Interview: Of Montreal's Kevin Barnes

Of Montreal
No sprinkles, astonishingly. Photo by Patrick Heagney.

Exploring the roots of involuntary head-bop squadron Of Montreal's robotic funk-pop is actually pretty easy. At least in the sense that songwriter Kevin Barnes is pretty open about his creative process, and he more or less runs the whole show on his own. Unfortunately, this also leaves him without the moderating effect of other presumably-less-zany band members, whichs how we end up with songs titled "Wraith Pinned To The Mist and Other Games" and "Heimdalsgate Like A Promethean Curse." (And, for that matter: "Dirty Dustin Hoffman Needs A Bath," "Dustin Hoffman Thinks About Eating The Soap," "Dustin Hoffman Does Not Resist Temptation To Eat the Bathtub," and "Dustin Hoffman's Wife Makes A Sarcastic Remark, Cuts The Head Off A Duck, Places It Where The Tub Was, And Begins To Groan.")

But he doesn't like to talk about those days anymore. You might say he writes his riffs the same way he writes words: in bizarre, idiosyncratic, torrential blasts.

"It's almost like Stevie Wonder's in the room with me or George Clinton's in the room with me, and I'm trying to make them laugh and trying to make them dance or whatever."

More from the interview below.

The Hook: What can you tell me about your upcoming album, False Priest?
Kevin Barnes: It's not as fragmented as Skeletal Lamping – more conventional songwriting, it doesn't change every minute. We're trying to create a really good headphone record that can transport you to these different places and sort of scatter your brain in a cool way.

The Hook: Does less jumping around between riffs leave you with more material for another album?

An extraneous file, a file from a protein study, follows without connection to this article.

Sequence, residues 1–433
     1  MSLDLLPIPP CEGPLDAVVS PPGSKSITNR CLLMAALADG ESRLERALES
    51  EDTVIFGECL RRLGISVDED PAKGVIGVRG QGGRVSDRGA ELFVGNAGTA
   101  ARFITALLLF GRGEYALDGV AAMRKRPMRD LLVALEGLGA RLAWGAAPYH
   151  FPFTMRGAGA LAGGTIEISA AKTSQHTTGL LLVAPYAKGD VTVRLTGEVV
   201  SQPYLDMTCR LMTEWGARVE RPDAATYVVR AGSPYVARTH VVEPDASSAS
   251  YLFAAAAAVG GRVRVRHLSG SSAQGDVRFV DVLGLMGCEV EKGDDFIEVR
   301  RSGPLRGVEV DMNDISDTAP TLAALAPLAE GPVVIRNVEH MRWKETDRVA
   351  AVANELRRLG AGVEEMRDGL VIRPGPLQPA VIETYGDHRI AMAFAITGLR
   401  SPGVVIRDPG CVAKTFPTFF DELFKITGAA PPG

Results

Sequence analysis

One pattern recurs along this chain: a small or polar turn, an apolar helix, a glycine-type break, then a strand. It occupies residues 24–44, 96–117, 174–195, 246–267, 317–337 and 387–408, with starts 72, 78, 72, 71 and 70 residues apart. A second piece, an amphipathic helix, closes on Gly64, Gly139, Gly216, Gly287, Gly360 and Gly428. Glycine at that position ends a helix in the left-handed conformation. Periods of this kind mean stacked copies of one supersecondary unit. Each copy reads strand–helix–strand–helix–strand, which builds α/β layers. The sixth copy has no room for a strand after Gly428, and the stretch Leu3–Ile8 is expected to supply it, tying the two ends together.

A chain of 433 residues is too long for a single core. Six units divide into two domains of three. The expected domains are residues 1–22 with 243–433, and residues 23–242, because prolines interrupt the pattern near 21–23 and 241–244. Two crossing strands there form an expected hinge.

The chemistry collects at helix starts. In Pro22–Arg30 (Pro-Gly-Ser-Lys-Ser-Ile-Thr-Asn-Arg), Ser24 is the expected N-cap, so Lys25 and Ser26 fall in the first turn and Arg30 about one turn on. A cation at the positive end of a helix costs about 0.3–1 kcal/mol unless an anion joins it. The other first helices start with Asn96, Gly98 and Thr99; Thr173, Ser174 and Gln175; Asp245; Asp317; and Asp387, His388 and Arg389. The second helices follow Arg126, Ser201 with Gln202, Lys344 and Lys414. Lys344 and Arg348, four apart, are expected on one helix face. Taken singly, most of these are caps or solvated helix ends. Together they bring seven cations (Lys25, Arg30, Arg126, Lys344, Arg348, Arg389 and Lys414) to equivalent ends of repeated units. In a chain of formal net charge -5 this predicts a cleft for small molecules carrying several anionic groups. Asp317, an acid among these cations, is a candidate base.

Kevin Barnes: Sometimes I will actually write a full song on the piano before I start recording it, but typically I'll just start recording and just start layering ideas on top of each other. With False Priest I wanted to make something where there was a pocket that you could kind of lose yourself in.

The Hook: How do you think this change will go over?
Kevin Barnes: It gets ruined if I imagine someone listening to it. There are very few people whose opinion I would take to heart.

The Hook: Producer Jon Brion is one of them, I assume?
Kevin Barnes: He has an amazing understanding of how instruments work together. This record actually has a lot of trunk-rattling bass. We're really trying to push that side of things that normally I never had before. That's what comes out in the club.

The Hook: I'm having trouble picturing Of Montreal as a club thing.
Kevin Barnes: Not like I want to come on after Lady Gaga or whatever; we're not really trying to compete in that way. But it will be the sort of record that you will have a different experience if you listen on a really great sound system, whereas in the past it really wouldn't make that much of a difference.

The Hook: This seems to run counter to the "headphone album" approach.
Kevin Barnes: That's kind of the balance we're trying to strike.

The Hook: So, trunk-rattling bass in the live show too, then?
Kevin Barnes: Well, we'll be at the mercy of the clubs we're playing. But I've decided that I wanted to just get rid of the backing tracks completely and just have live instrumentation.

The Hook: Given how dense your songs can get, that must require a lot of musicians.
Kevin Barnes: I would love it if we could be like a fifteen-piece band or something, but it's just kind of cost-prohibitive.

The Hook: So did that decision affect the way you wrote the new material?
Kevin Barnes: No. To me, the recording is something that will last a lot longer, and hopefully people–- just like I listen to records that were made forty years ago or whatever, hopefully people will listen to Of Montreal records decades from now. The live show is fleeting.

The Hook: Wait, suddenly you're not as into the dancing?
Kevin Barnes: Well, in addition to making you want to dance.

Of Montreal performs at the Jefferson Theater on May 31. $35-$27 unless you win the free tickets in our contest prize package, 7pm.

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